2.65% 0.01% 2.64% $0 $0 / $0 Open More

Bonus saver accounts get their name because they allow you to earn bonus interest on top of the standard variable rate. However, in order to earn that bonus interest, you’ll need to satisfy specific terms and conditions each month – and one common condition is that you don’t make any withdrawals. So by locking away your money and not making any withdrawals, you can earn a higher interest rate and build your balance quicker.

Finally, notice saver accounts offer high interest rates and are actually quite similar to term deposits. However, instead of choosing how long you will invest your money for, you choose how much notice you will need to give your bank before they will agree to release your funds – 31, 60 and 90 days are the most common time periods. Notice saver accounts allow you to lock away your money and earn a higher rate of interest than you would earn on an ordinary savings account that provides easy access to your money.

What are the pros and cons of locked savings accounts that don’t allow withdrawals?

The pros

  • Higher interest rates. In return for not being able to easily access your money, these types of savings accounts typically offer high interest rates, allowing you to grow your balance as quickly as possible.
  • You can’t dip into your savings. If you regularly give in to temptation and dip into your savings, opening a savings account you can’t withdraw from is a great way to protect your nest egg.
  • Save your money, don’t spend it. Whether you choose a term deposit, a notice saver account or a bonus saver account, these products are specially designed to encourage you to save money and discourage you from spending it.

The cons

  • Can’t access money in an emergency. If an unexpected bill arrives and you need access to money as quickly as possible, this type of account can be a major inconvenience.
  • Penalties apply. You will be penalised if you break the withdrawal rules that apply to your account, either with a lower interest rate or perhaps a fee.

How to choose a locked savings account that doesn’t allow withdrawals and lock away your money

Before you can choose one of these locked savings accounts, it’s important to consider your financial needs and savings goals. For example, if you want to be able to access your funds in an emergency, a bonus saver could be a good choice as you will only forfeit your right to earn bonus interest for the month you exceed the account’s withdrawal limit. If the speed with which you can access your money isn’t a major factor, a term deposit or notice saver could be more suitable.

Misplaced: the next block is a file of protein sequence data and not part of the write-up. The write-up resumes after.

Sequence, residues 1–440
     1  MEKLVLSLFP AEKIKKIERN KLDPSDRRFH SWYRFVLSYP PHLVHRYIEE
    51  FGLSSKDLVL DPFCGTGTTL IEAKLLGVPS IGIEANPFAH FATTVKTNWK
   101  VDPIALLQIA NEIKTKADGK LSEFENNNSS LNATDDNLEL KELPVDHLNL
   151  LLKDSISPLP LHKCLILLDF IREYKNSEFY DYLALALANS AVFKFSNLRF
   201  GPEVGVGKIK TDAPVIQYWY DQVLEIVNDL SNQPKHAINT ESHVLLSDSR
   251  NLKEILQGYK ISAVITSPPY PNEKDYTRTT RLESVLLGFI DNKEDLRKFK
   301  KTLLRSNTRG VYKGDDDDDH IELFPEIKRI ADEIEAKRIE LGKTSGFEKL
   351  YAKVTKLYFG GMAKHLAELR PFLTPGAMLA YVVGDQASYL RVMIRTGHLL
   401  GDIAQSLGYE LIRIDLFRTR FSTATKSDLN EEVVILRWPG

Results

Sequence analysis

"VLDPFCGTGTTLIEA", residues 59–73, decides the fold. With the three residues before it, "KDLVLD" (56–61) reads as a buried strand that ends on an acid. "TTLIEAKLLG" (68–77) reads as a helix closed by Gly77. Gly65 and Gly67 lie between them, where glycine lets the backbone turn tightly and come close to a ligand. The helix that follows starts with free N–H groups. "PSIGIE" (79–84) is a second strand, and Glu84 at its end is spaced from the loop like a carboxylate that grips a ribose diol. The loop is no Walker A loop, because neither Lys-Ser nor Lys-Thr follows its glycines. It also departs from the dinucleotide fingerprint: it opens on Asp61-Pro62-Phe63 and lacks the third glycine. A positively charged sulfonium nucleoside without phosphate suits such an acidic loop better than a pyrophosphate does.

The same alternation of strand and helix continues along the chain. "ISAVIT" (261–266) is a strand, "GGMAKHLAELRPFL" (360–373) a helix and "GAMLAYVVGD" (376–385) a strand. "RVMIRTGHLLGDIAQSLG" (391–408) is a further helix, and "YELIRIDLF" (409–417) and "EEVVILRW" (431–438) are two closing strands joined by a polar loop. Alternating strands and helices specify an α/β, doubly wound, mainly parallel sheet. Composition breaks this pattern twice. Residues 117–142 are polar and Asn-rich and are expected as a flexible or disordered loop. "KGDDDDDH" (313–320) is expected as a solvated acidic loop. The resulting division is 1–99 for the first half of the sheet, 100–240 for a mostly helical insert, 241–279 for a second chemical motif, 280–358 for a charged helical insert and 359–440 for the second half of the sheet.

Once you know what type of account you want, start comparing the features of individual products. What interest rate applies to the account? Are there any ongoing fees to worry about? Can you easily manage your funds through Internet and mobile banking?

By answering these questions and comparing multiple accounts, you’ll be able to find the locked savings account that has everything you need to achieve your financial goals.

The latest in banking

Tim Falk

A freelance writer with a passion for the written word, Tim loves helping Australians find the right home loans and savings accounts. When he's not chained to a computer, Tim can usually be found exploring the great outdoors.

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Savings Account Offers

Learn about our information service
ME Online Savings Account

Maximum Variable Rate

3.05%

Standard Variable Rate

1.30
ING DIRECT Savings Maximiser

Maximum Variable Rate

2.75%

Standard Variable Rate

1.60
Bankwest Hero Saver

Maximum Variable Rate

2.65%

Standard Variable Rate

0.01
RaboDirect High Interest Savings Account

Maximum Variable Rate

3.20%

Standard Variable Rate

2.05